Knowledge (Examination: Written exam with open questions):
- Gather knowledge of multiple theoretical and research perspectives on the challenges facing multicultural societies in Western countries and on the ways the organization of citizenship is connected to making political claims (in the institutional and discursive space) about cultural diversity.
Understand and apply (Examination: Written exam; student-led presentatoins; documentary questions):
- Relate theoretical concepts and theories and apply these in various European contexts as discussed in the course.
- Learn actively from participants in the course with a variety of disciplinary backgrounds and international experiences in relation to topics of cultural diversity in various national contexts.
Apply and analyze (Examination: Group paper including presentations):
- Apply theoretical and research approaches into issues surrounding multicultural societies in a specific case study - as elaborated upon in a group research paper.
Apply and reflect (Examination: Active participation and experiencing the multicultural society from within):
- Gain first hand knowledge and experience of what it means to be part of a multicultural society and be able to apply this knowledge to further situations.
Analyze and evaluate (Examination: Group paper including presentations):
- Be able to critically evaluate a case by using the concepts and theories regarding the multicultural society.
- Critically reflect concepts, theories and policies regarding the case study studied in detail in the research paper.
A society is named 'multicultural' when it is comprised of various ethnic populations and/or various nationalities. Western 'multicultural' societies include people from the Mediterranean countries who came during the 1960s and 1970s as so-called 'guest-workers'. In the 1970 and 1980s people from former colonies and asylum-seekers also found their way to European countries. One of the main challenges for multicultural societies is to develop social cohesion out of this diversity, a process that doesn't go without tensions and conflicts. While many newcomers succeeded in integrating into their new homeland without neglecting their cultural identity, conflicts between insiders and outsiders didn't disappear. Inclusion and exclusion as well as integration and separation are processes social scientists concentrate on.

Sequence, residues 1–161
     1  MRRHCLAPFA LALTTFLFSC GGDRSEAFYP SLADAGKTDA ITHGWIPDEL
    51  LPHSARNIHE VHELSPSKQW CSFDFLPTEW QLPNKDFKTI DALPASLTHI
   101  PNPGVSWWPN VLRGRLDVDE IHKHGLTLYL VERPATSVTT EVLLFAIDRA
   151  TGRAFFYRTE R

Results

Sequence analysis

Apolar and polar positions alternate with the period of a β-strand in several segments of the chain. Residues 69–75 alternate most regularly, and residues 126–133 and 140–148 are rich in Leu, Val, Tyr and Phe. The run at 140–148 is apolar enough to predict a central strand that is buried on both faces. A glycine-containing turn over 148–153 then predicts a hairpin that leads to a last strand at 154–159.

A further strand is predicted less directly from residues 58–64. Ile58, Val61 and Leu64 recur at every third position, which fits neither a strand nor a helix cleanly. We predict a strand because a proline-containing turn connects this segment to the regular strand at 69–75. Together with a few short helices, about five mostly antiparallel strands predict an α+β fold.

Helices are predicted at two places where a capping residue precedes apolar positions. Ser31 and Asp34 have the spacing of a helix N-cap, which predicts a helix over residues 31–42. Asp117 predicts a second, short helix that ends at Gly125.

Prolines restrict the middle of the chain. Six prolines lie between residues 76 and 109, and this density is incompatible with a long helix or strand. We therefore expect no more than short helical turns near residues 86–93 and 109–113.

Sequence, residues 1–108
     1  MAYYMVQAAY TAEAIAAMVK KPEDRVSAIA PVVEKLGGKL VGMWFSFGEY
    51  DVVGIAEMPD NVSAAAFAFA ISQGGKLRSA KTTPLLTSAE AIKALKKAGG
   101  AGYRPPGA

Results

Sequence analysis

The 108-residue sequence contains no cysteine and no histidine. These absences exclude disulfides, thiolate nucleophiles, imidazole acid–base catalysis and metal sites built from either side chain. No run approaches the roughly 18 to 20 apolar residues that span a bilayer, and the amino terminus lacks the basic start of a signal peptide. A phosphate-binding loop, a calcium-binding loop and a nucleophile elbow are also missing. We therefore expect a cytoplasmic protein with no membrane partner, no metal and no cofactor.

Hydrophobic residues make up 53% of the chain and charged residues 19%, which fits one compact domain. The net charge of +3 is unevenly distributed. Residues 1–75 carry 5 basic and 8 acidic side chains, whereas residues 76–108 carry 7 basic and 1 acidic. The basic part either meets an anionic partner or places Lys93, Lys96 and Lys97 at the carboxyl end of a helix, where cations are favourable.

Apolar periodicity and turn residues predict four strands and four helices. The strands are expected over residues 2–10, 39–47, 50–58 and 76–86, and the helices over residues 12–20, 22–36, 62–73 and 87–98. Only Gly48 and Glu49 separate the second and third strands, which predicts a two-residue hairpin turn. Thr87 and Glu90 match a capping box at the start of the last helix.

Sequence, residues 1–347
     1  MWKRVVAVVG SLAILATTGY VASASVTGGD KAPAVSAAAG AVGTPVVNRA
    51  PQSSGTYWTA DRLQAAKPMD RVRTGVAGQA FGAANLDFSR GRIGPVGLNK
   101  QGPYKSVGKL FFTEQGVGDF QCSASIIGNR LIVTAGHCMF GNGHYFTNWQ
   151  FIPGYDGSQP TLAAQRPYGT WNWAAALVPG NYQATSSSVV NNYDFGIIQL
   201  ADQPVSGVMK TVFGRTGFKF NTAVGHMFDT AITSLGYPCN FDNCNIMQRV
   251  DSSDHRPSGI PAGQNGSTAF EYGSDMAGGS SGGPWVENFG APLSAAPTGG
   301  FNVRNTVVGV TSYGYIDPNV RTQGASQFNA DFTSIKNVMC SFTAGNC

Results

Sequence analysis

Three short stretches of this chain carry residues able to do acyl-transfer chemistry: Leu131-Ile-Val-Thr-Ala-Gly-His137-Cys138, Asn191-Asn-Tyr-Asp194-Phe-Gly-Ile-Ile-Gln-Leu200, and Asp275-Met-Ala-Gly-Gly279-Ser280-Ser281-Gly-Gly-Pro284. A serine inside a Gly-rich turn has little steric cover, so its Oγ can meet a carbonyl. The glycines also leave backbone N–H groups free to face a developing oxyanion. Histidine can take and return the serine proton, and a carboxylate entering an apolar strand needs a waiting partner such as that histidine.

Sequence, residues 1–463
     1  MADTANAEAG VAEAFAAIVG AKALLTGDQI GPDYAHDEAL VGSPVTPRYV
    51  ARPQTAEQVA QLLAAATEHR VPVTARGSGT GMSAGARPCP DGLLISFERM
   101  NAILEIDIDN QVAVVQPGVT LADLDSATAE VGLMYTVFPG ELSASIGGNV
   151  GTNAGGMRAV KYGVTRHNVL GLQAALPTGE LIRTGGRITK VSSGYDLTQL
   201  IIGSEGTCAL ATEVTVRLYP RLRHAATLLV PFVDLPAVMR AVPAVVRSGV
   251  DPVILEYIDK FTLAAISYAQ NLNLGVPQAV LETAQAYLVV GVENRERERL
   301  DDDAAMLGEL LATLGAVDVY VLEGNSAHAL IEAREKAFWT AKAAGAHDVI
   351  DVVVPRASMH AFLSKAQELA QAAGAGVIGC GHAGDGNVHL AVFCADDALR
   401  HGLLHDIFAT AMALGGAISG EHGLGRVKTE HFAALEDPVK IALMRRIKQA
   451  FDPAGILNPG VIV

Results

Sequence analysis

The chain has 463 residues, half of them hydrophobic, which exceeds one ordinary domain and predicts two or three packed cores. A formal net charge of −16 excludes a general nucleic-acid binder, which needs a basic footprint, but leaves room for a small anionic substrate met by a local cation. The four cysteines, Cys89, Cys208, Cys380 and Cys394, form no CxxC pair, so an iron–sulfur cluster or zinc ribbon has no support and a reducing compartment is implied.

Our main question is: how does ethnic and cultural diversity as an empirical reality lead to new forms of integration and social cohesion or to nativist backlashes - such as nationalism, xenophobia and new racisms? To answer this question it will not be sufficient to regard only the 'foreigners' or 'aliens' as problematic; each society - including all its members - stands for the problem of creating a satisfactory form of pluralism in which various groups are able to live together successfully. This implies that it is important to look at the ways nation-states give access to citizenship and how claims of migrants are acknowledged or resisted. You are asked to (critically) examine the main question by using concepts and theories on multiculturalism derived from different disciplines. The subjects discussed within this course are: migration, multiculturalism, citizenship, refugees in Europe, settlement, acculturation, xenophobia and racism, (right-wing) populism, policies of integration, the challenge of Islam, identity, cultural diversity and cultural war(s).